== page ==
Eric's Left Not-Quite-The-Coast Crime report #1 shares what's up in Santa Fe on book signings, e-books, crime-writer panels and more, all while steering clear of turquoise and Navaho rugs (you'll have to ask Eric directly about that). His direct style was no shot in the dark when it came to his interview query of our featured Rat Pack Mysteries author, Robert J Randisi:

As for a question for Mr. Randisi ~

Eric Beetner, crime writer

You've been at this for a long time. We all know how publishing has changed and is changing under our feet but I want to know how the writing has changed, in your opinion? What is the biggest difference between a crime novel now and one, say, thirty years ago?

ERIC BEETNER  I commit crimes on paper.

RJ RANDISI expounds
        That's a great question. I'd like to give it more thought. But for now I think the difference is realism. And, I think, the intelligence of both the criminal element and the cops contributes to that. The writer has to reflect that in his work, so the writers have also had to become smarter, and better.  And if you're now going to ask me if I think the writers of today are smarter than those of yesterday, the answer is yes. Smarter, and better educated--but that doesn't necessarily make them better. Not as a whole.    

~ ~ ~ ~ ~




Sunday Matinees too.

Be there or be square.


Always swell to see you here.

~ Absolutely*Kate,
and our swanky renown


Sinatra: "If power doesn't mean that you have the opportunity to work with the people that you love, then you haven't really got any."

Opening Night: "RAT PACK REVUE TO YOU"

RAT PACK REVUE: "How Did All These People Get Into My Room?"  By Robert J Randisi,
working the lounge before he hits the main room

RAT PACK REVUE: "Ain't That A Kick In The Head"  By Robert J Randisi, paying homage to Ocean's 11, the original . . . for all the right reasons

RAT PACK REVUE:  "Who's Got The Action" By Kevin Michaels, knowin' more than the night club scene  

RAT PACK REVUE:  "STAR" By Julie Morgan,  hitchin' TinselTown to a dick's star

RAT PACK REVUE:  "OH SOUL O'MIO" By Absolutely*Kate,  mirroring where scars shine bright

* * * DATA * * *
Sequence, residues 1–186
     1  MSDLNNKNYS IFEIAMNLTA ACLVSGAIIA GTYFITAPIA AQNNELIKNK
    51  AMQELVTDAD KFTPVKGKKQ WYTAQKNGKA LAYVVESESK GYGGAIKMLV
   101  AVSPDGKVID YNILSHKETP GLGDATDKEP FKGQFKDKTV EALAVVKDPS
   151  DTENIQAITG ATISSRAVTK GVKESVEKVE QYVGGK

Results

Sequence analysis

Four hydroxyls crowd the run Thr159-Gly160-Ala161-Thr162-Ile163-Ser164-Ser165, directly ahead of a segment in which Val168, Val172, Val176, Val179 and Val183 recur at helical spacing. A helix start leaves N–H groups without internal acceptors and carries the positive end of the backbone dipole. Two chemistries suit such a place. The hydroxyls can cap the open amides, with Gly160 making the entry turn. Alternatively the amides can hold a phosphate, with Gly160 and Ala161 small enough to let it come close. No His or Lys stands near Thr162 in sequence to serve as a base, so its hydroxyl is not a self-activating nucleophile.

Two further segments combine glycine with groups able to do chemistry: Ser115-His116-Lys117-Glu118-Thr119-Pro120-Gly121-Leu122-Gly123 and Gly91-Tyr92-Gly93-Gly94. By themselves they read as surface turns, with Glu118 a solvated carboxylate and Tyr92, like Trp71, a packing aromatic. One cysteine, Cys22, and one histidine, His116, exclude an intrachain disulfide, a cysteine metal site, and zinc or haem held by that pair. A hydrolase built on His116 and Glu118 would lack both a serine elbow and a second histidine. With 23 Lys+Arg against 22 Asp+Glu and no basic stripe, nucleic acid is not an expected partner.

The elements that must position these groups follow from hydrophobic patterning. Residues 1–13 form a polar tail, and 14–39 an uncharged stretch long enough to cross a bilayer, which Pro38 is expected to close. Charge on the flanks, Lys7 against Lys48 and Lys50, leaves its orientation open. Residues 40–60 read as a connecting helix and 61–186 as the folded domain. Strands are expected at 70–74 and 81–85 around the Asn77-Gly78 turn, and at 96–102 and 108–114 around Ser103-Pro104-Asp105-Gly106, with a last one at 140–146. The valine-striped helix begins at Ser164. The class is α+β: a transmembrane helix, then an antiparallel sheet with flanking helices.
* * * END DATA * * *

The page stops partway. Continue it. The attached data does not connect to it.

RAT PACK REVUE:  "Divorce Your Loved One With Dignity" By Anthony Venutolo,  oozing atmosphere, over the border
RAT PACK REVUE:  "Everybody Loves Somebody Sometime" By Paul D Brazill, giving Dino a whole new swan song  

RAT PACK REVUE:  "THE GREAT AMERICAN SAILING HERO" By Absolutely*Kate, scuttling the way the tides roll in





~ ~ ~ ~

You're nobody til somebody love you,
and we love you AT THE BIJOU.
~ ~ ~ ~


Paul D Brazill said...

A Rickle of applause to Eric for that smashing yarn!

Harry said...

"ended up with a mound of dirt like a fat boil on the ass of Nevada." <Great line!

Sean Patrick Reardon said...

Great job Eric. That was entertaining as hell!

Kevin Michaels said...

Great story - I can pretty much visualize Rickles out there in the desert with a shovel (bitching like he did in Kelly's heroes). Think you captured his voice very well and wrote a fun, entertaining story!

Eric Beetner said...

Thanks everyone. Writing as a known personality was tough. Glad to know I didn't blow it completely.
This has been a really fun pack of stories.

Anonymous said...

Eric, this was very entertaining. I could visualize and hear the production. Loved the one liners.


KjM said...

From the first "Who doesn’t want to sit at the cool kids' table?" all the way through, this was impossible to put down till I reached the end.

Grim, gritty and surprisingly funny in places. I loved the line, "But, anyway, I think I have plenty of hostility to repress."

But that was only one of many.

Excellent fare.

Author said...

Absolutely terrific tale, and beautifully told. Nice work!

Madam Z said...

I could actually see and hear Don Rickles, as I read this. It's a clever story, Eric, with great one-liners and a sad premise.

Anonymous said...

Mr. Beetner felt like I was shovelling dirt and enjoying the charms of booth 33. Forgot my Lysol but Im lighting up and zipping up after that terrific ride.You are definitely sloopy firsts in my book!!

ratatouille's archives said...

Hi! The Absolutely~Kate and author Eric Beetner...
That was a very interesting read and quite funny too!
I'am not to familiar with the "Rat Pack," but I have read and "overheard" enough about them to know that your post hit the mark that it was aiming at...The readers, interests.

Thanks, for sharing, Eric Beetner...Hi!The Absolutely~Kate, I'am glad I stopped by...Because I started to follow you, over there on Tumblr too!
Take care!
DeeDee ;-D

RJR said...

Nice job, Eric. Very nice lines. I just hope Rickles never sees it. There's probably still room out there in the desert for another boil.